Edmonton to release flood maps after privacy battle

Edmonton to release flood maps after privacy battle

Edmonton to release flood maps after privacy battle The City of Edmonton is to release its neighborhood flood maps within 60 days after it lost a privacy appeal to Postmedia.

City officials had denied Postmedia’s first Freedom of Information and Privacy request for access to the maps, arguing that disclosure could affect property values and hurt the economic interests of the city, Edmonton Journal reports.

Postmedia had argued that Edmonton residents have the right to know if their homes are at risk, even if it could negatively affect some property values.

But on Thursday, the provincial Office of the Information and Privacy Commissioner overturned the initial decision after Postmedia appealed, ruling that the city can use discretion to release the maps to Postmedia.

The Commissioner’s senior manager, Catherine Taylor, found that the information would not substantially harm the city, but that it should be released even if it would.

She said: “After reviewing many, many thousands of pages of records over the last 20 years, I am of the opinion that these records represent one of the times when discretion should clearly be exercised in favour of disclosure.”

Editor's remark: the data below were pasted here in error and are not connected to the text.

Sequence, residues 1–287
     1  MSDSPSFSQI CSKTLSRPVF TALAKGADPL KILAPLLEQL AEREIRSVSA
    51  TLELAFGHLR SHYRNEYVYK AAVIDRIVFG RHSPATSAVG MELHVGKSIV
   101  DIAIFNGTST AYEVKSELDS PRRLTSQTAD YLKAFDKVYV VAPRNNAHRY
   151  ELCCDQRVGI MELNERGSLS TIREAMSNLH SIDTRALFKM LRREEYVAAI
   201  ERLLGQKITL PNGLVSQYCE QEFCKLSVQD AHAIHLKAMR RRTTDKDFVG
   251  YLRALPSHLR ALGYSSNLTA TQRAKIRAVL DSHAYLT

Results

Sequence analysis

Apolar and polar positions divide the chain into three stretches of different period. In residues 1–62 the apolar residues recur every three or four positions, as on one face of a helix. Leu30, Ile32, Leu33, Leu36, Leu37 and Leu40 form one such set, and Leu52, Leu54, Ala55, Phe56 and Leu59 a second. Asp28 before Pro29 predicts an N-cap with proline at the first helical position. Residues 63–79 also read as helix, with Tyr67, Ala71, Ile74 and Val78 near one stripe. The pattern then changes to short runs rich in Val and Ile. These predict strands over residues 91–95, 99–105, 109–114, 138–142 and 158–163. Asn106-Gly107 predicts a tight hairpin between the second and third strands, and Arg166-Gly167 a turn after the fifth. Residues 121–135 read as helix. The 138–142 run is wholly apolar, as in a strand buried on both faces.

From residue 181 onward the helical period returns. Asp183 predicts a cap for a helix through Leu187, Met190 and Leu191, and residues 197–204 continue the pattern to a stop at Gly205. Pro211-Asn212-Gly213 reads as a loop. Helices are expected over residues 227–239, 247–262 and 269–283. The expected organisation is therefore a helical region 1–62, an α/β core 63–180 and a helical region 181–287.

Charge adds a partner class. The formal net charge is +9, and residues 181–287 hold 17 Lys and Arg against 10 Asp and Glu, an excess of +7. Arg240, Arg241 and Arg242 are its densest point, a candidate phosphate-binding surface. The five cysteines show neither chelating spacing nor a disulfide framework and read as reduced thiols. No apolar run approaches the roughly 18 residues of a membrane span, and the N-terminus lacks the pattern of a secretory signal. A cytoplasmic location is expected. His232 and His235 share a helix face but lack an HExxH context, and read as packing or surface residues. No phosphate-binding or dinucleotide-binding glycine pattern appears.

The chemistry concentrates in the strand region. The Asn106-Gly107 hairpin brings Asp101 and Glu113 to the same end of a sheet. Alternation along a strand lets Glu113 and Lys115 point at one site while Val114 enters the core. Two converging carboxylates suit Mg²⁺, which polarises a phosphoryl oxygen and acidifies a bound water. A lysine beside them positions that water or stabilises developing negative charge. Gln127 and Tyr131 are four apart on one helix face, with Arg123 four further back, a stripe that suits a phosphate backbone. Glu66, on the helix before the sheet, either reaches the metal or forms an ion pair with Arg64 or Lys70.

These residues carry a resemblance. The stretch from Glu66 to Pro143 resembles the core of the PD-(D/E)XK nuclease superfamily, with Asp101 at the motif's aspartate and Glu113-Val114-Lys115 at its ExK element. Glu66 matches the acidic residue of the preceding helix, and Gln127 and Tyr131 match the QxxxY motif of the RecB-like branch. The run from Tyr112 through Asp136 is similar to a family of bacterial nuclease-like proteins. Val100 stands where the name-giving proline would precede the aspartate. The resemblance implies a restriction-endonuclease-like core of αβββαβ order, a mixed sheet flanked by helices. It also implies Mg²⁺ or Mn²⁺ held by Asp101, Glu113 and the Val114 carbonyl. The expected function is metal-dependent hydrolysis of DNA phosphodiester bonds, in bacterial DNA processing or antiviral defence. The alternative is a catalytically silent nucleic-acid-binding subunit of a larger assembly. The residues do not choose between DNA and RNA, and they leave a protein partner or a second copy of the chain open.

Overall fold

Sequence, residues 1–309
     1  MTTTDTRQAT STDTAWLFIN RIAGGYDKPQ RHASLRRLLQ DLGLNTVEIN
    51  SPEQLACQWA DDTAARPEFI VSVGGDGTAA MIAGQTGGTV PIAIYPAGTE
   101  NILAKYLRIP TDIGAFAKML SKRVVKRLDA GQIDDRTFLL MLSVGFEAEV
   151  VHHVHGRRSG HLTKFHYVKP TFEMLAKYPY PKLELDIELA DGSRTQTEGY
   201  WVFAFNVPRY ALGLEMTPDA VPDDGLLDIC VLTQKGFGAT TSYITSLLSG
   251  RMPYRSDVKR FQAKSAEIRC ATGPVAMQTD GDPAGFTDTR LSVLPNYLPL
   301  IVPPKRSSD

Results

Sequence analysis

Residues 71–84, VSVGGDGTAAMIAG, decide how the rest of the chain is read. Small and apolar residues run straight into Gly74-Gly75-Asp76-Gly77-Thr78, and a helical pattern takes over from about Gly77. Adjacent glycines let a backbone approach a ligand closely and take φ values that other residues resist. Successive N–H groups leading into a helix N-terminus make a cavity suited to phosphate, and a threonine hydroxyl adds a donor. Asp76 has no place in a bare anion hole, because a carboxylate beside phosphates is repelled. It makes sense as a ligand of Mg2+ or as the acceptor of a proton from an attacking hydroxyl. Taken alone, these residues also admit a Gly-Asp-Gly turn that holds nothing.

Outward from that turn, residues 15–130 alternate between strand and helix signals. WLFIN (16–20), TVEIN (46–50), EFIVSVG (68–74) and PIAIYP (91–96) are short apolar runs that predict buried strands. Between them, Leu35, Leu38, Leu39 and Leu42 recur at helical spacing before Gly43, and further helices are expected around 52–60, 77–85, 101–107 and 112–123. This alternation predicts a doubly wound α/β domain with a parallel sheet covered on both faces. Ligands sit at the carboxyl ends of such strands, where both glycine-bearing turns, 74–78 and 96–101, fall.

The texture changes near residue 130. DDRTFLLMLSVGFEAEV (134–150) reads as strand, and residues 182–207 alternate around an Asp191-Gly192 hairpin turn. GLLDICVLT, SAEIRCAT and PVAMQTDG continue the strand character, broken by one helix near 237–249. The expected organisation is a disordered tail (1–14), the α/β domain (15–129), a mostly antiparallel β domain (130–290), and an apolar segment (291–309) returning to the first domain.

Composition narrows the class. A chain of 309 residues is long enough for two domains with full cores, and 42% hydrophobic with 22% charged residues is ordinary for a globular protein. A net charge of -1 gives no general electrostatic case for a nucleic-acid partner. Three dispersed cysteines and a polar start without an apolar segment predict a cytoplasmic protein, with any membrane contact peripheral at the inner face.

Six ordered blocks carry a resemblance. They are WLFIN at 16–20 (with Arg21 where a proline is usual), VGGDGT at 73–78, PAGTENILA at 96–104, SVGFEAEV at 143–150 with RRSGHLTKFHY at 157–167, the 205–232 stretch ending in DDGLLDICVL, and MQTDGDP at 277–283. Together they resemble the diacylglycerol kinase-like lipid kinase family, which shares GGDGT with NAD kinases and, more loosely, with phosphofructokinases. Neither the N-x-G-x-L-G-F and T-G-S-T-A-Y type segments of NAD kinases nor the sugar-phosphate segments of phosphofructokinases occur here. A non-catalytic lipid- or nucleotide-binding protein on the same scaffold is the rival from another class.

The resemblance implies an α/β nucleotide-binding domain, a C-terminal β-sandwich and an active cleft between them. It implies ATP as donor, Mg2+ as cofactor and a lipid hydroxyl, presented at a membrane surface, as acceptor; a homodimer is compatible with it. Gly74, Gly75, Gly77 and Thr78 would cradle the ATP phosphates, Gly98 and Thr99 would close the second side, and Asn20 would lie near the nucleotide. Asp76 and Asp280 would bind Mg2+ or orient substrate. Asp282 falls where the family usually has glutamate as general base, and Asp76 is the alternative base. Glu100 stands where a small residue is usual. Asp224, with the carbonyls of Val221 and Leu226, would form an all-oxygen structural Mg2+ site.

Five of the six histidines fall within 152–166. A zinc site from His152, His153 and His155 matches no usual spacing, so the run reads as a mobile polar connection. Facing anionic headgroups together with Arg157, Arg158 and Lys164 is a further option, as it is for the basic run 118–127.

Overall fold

The vice-president of the Insurance Bureau of Canada, Craig Stewart, said the issue of sharing flood maps with homeowners is becoming a critical one.

Stewart admitted that public disclosure could affect insurance rates, explaining that “the more data is available, the better we are able to access risk,” – which may lead to an increase in rates for some homeowners and a decrease for others.

However, he said that homeowners “have a right to know their flood risk and how their insurance rates are being determined.”

Edmonton’s maps, which were developed by combining precise topographical maps with maps of the underground sewer system to see what would happen if a one-in-100-year storm delivered roughly five centimetres of water in 90 minutes in specific areas of the city, have not been shared with insurance agencies.

However, the IBC has its own new, detailed national maps for overland flooding, which it developed in 2015 to help the insurance industry offer new policies.

Overland flooding insurance policies are important because governments only pay out disaster assistance when no insurance is available, Stewart said.

Overland flooding applies where rain falls and runs into a basement through a basement window or door, for example, and some of these policies are now available in Edmonton, Stewart said.

City officials have asked for 60 days to prepare a communications plan around the release of the maps, but the exact timeline and details of the release are still being negotiated, Edmonton Journal reports.

City spokeswoman Sarah Meffen said in an emailed statement that the 60 days “will allow the city sufficient time to compile additional information, data and facts to accompany the maps to ensure homeowners, stakeholders, the public have complete, easy to understand information with the appropriate context so everyone is properly informed.”


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